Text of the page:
## IDK Puzzles

I like logic, and I like beer, so it’s no surprise that this is one of my favorite online comics:

Not sure why that’s funny? There’s an explanation at www.beingamathematician.org.

Logic puzzles in which a protagonist states, “I don’t know!” are ubiquitous. Borrowing from texting culture, I’ve taken to calling these IDK Puzzles.

Every math person remembers the first non-routine problem they solved and, more importantly, the feeling they experienced when solving it. The first time I had that feeling occurred after solving a logic puzzle about three children’s ages that I discovered in a Martin Gardner book; now many years later, I don’t remember the title of the book, and the following is my best recollection of the puzzle:

Two neighbors are speaking. One asks the other, “I know you have three children, but how old are they?”

The other says, “The product of their ages is 72.”

The first neighbor says, “I still don’t know their ages.”

“Well,” says the other, “the sum of their ages is equal to our street address.”

The first neighbor again replies, “I still don’t know their ages.”

“I’m sorry,” says the other, “I can’t talk anymore, because I have to take my oldest child to the dentist,” and then leaves.

While saying good-bye, the first neighbor thinks, “Ah, now I know their ages.”

This puzzle is typical of the genre, in that it appears there is insufficient information, but those who persist will be rewarded. Can you figure out the three children’s ages?

A slightly different IDK Puzzle involves geometric shapes.

Two people are shown the following five shapes:

They are told that a prize has been placed under one of the shapes. One of the people is told the color, and the other is told the shape, but they are not allowed to share their information with each other.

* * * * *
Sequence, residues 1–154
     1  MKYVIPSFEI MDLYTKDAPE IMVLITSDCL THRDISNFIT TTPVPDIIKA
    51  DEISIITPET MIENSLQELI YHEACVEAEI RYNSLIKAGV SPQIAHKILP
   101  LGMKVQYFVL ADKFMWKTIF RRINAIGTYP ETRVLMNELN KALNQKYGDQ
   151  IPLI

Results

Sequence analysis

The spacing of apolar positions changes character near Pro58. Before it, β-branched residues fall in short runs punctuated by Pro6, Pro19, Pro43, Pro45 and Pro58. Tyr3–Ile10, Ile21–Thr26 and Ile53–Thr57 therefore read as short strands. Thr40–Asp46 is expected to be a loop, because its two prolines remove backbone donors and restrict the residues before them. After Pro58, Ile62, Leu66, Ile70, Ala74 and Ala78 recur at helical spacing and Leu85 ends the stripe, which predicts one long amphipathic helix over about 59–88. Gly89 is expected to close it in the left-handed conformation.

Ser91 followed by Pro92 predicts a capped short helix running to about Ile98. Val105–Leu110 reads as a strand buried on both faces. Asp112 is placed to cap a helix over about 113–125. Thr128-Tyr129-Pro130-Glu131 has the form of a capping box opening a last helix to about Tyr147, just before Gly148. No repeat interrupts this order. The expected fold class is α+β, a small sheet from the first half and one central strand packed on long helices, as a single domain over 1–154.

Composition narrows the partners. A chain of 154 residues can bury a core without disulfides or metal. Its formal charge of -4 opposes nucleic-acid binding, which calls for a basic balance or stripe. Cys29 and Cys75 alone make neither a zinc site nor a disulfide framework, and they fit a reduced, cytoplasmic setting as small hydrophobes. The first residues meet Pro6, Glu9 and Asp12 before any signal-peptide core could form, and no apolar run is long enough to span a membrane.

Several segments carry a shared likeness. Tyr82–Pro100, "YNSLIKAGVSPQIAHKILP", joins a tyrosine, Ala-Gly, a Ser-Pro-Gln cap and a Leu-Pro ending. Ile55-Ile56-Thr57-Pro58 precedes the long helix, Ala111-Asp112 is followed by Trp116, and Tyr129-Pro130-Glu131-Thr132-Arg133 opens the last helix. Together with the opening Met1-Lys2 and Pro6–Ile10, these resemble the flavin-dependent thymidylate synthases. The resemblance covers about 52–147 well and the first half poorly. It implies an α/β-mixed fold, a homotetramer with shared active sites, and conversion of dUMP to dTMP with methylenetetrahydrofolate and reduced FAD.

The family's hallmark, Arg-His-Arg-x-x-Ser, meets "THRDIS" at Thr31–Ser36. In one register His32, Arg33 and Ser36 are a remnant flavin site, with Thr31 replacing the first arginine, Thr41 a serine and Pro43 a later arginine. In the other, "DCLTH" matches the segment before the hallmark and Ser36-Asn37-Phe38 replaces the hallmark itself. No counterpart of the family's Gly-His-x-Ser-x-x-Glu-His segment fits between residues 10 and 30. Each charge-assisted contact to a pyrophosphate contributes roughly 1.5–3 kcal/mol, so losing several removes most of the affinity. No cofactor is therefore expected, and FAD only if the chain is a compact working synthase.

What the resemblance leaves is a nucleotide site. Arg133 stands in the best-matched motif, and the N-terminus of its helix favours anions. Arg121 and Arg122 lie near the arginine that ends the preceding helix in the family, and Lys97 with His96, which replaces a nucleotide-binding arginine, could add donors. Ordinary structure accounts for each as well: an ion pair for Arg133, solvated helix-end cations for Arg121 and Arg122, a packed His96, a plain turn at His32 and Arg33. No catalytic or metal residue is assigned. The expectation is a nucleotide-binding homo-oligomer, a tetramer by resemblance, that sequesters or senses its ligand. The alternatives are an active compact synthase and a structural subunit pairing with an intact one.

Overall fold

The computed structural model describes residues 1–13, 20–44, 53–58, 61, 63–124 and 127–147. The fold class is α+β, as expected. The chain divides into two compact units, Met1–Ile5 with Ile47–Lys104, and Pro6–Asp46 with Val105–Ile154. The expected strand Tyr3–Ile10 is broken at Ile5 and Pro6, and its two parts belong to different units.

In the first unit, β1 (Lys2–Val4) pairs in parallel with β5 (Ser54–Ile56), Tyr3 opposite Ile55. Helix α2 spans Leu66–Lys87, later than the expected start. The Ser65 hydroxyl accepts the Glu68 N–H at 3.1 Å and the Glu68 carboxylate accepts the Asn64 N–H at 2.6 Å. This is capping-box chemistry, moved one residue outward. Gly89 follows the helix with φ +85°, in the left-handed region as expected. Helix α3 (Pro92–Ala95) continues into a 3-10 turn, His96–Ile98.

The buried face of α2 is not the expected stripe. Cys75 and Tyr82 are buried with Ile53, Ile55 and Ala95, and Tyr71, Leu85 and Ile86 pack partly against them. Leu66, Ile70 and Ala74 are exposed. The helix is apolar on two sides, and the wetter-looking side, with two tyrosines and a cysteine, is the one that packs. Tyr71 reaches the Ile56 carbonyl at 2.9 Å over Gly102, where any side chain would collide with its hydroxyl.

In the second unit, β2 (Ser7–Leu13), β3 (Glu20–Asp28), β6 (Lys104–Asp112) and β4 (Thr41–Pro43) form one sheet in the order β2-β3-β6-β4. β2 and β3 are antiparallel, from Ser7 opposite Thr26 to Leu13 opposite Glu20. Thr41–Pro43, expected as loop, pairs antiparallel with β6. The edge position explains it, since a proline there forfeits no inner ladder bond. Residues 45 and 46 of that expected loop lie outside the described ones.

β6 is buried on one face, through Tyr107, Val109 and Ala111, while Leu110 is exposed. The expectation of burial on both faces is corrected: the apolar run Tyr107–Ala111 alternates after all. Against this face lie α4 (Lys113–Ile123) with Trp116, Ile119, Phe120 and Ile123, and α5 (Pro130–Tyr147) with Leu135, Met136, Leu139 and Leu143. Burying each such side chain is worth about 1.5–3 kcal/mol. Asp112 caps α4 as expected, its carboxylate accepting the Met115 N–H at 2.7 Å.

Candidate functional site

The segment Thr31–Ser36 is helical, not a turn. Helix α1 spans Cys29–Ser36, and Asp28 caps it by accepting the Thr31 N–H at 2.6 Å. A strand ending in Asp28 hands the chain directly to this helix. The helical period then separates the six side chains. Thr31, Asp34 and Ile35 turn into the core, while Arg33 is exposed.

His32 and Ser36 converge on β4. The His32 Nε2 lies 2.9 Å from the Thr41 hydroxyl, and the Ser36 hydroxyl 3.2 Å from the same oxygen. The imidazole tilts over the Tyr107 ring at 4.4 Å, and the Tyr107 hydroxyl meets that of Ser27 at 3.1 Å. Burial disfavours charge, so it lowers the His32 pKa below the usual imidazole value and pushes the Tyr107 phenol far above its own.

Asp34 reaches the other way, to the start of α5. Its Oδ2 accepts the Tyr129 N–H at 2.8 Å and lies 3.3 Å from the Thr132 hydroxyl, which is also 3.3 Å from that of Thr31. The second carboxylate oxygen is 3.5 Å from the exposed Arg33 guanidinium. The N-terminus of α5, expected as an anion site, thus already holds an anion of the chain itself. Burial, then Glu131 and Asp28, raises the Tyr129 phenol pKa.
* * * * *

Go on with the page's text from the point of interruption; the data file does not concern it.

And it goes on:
They are asked, “Do either of you know where the prize is hidden?”

Both of them reply, “I don’t know.”

They are asked a second time, “Do either of you know where the prize is hidden now?”

Again, they both reply, “I don’t know.”

Under what shape has the prize been hidden?

Enjoy solving those puzzles. Staying with the theme, let’s end this post with a logic joke of sorts…

Sam comes home from the grocery store with twelve gallons of milk. Pam asks, “Why’d you buy so much milk?”

“Because before I left, you told me to buy a gallon of milk, and then you said, ‘If they have eggs, buy a dozen.’ And they had eggs.”

Pam shakes her head at Sam’s response. But then she notices he hasn’t bought anything else and asks, “Where are the rest of the things we needed?”

“Remember how you told me to put ketchup on the list?” replies Sam.

“Yeah. So?”

“So I put ketchup on the list, but then I couldn’t read the other items!” Sam says. “But I remembered the eggs!”

Entry filed under: Uncategorized. Tags: , , , , , , .

The Math Jokes 4 Mathy Folks blog is an online extension to the book Math Jokes 4 Mathy Folks. The blog contains jokes submitted by readers, new jokes discovered by the author, details about speaking appearances and workshops, and other random bits of information that might be interesting to the strange folks who like math jokes.

## MJ4MF (offline version)

Math Jokes 4 Mathy Folks is available from Amazon, Borders, Barnes & Noble, NCTM, Robert D. Reed Publishers, and other purveyors of exceptional literature.